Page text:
Reflections on Nature Connect 2017 Conference: From Derby to Nara

Nature Connections 2017 held at the University of Derby on June 27th brought together key people from research and provider communities with an interest in this area. The conference included keynotes from award-winning author, naturalist and environmentalist Mark Cocker and James Cross: Chief Executive of Natural England. The eclectic event provided a platform for sharing and learning from the latest research and practice in nature connection. Core themes of nature connection outcomes across the lifespan; enabling nature connection; and linking nature connection research and practice were discussed and the Irish research groups NEAR Health funded jointly by HSE and EPA and our GO GREEN EX team were represented. The conference organiser, researcher Miles Richardson reflected on the great progress made since Nature Connections 2016 and how the evidence to support not just exposure to nature, but connecting with it in various forms is growing.

The large choice of researchers and professionals from very various disciplines has brought into light the complexity of our understanding of our relationship to nature. To move forward in this field of research, we need to think radically and innovatively (EU terms this disruptive science) and consider every facets of nature and our connection to it. This conference truly aligned with these considerations and offered a large panel of qualified speakers.

Presentations of available and standardised tools to measure our connectedness to nature (PhD student Ryan Lumber and Anne Hunt) was a great help as this kind of tools will be used for further field studies carried out by Go Green Ex. Joelene Hughes also brought some interesting points on our understanding of how environmental behaviours are shaped over the lifespan. These kind of research is crucial for the design of target pro-environmental messages.

This conference also provided consisting evidences on the healing power of nature. Caroline Brazier exposed her work on ecotherapy and how mindfulness of natural surrounding can help in a healing process. Same with Shirley Gleeson who perfectly described her own study on forest bathing therapy. Inspired from the Japanese and Korean forest bathing, this trial showed great results on mental health and mental well-being. On the same topic, the work of Wendy Brewin on using nature support on patient with dementia was greatly inspiring and creative. These three talks highlighted the importance of nature in healing processes and how it is available to any communities or to anyone. The case study presented by Annie Berrington met also these considerations as she exposed the positive results from the implementation of an outdoor adventure club on children with very little previous contact with natural environments.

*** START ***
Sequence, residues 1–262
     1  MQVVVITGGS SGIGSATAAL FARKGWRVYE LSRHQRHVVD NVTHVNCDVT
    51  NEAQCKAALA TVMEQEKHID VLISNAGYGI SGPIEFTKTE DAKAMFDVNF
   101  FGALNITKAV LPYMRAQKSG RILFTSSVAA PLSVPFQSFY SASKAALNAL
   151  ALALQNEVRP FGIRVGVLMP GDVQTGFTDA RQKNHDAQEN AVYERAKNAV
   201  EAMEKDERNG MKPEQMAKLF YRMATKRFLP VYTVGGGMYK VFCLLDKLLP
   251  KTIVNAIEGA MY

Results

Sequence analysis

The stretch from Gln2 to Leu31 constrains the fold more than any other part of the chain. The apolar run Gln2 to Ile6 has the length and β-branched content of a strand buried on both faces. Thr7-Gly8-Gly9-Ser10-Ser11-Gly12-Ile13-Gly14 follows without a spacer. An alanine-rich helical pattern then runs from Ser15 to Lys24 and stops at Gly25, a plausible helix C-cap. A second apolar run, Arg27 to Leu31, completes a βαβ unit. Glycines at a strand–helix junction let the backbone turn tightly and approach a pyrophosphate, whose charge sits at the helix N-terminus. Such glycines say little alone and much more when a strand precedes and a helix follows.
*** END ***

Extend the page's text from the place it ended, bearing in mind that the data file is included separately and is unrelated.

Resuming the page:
A view of University of Derby through the cherry blossoms.

On another aspect to our link to nature, Kate Fletcher gave a genuinely inspiring speech about her work as a designer and as professor of Sustainability, Design and Fashion at the Centre for Sustainable Fashion (University of the Arts London). She explained how nature and her relationship to it shapes her work and decisions. She also exposed the successes and difficulties she encounters when working into the woods with students. This conference was an opportunity to discover the remarkable work of Nikki Street on how we can amplify the power of nature through Art. Her neuroscience approach added the scientific research protocol that completed perfectly the previous presentations.

Our research partners from NUI Galway NEAR  research group presented findings from their stakeholder and community engagement. Our brief presentation focused on transdisciplinary approaches to well-being and we noted that key words including air pollution, resilience, and sport, had been overlooked at the conference. There is a open door for discovery of new evidence based pathways to well-being by employing transdisciplinary models. Taking into account environmental features, rather than simply assuming what is green is natural, is required.

A research topic in the journal Frontiers is dedicated to new ideas on nature and well-being-Editors include the conference chairperson Prof. Miles Richardson.

One interesting coffee inspired interaction was among our team, Lucie and Tadhg with Eun Yeong (PhD student at Sheffield Hallam) where together we spoke of how the the cherry blossom image resonated with us-In Nara, Japan, the brief coming of the cherry blossom represents the concept of renewal and the fleeing nature of life. Researchers must seize the day.

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